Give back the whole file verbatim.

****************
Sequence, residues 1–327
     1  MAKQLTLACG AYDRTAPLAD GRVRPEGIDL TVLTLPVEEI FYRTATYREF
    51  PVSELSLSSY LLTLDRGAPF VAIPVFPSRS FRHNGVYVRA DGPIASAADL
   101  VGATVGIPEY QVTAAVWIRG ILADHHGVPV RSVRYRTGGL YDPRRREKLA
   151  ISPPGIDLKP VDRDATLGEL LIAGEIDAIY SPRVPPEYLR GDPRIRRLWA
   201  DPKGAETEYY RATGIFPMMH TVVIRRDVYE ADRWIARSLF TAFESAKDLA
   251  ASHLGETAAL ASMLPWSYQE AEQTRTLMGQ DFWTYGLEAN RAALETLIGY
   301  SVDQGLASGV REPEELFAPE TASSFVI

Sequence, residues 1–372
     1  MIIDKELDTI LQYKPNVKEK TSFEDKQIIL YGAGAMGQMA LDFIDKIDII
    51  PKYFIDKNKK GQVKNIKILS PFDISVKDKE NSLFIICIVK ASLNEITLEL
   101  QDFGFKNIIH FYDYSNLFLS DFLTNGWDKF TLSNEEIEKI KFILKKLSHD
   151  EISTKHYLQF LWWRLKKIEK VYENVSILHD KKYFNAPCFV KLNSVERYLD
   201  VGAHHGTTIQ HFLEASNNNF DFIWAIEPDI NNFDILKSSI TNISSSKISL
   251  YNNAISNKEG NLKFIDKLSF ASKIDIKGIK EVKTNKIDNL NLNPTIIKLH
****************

Sequence, residues 1–327
     1  MAKQLTLACG AYDRTAPLAD GRVRPEGIDL TVLTLPVEEI FYRTATYREF
    51  PVSELSLSSY LLTLDRGAPF VAIPVFPSRS FRHNGVYVRA DGPIASAADL
   101  VGATVGIPEY QVTAAVWIRG ILADHHGVPV RSVRYRTGGL YDPRRREKLA
   151  ISPPGIDLKP VDRDATLGEL LIAGEIDAIY SPRVPPEYLR GDPRIRRLWA
   201  DPKGAETEYY RATGIFPMMH TVVIRRDVYE ADRWIARSLF TAFESAKDLA
   251  ASHLGETAAL ASMLPWSYQE AEQTRTLMGQ DFWTYGLEAN RAALETLIGY
   301  SVDQGLASGV REPEELFAPE TASSFVI

Sequence, residues 1–372
     1  MIIDKELDTI LQYKPNVKEK TSFEDKQIIL YGAGAMGQMA LDFIDKIDII
    51  PKYFIDKNKK GQVKNIKILS PFDISVKDKE NSLFIICIVK ASLNEITLEL
   101  QDFGFKNIIH FYDYSNLFLS DFLTNGWDKF TLSNEEIEKI KFILKKLSHD
   151  EISTKHYLQF LWWRLKKIEK VYENVSILHD KKYFNAPCFV KLNSVERYLD
   201  VGAHHGTTIQ HFLEASNNNF DFIWAIEPDI NNFDILKSSI TNISSSKISL
   251  YNNAISNKEG NLKFIDKLSF ASKIDIKGIK EVKTNKIDNL NLNPTIIKLH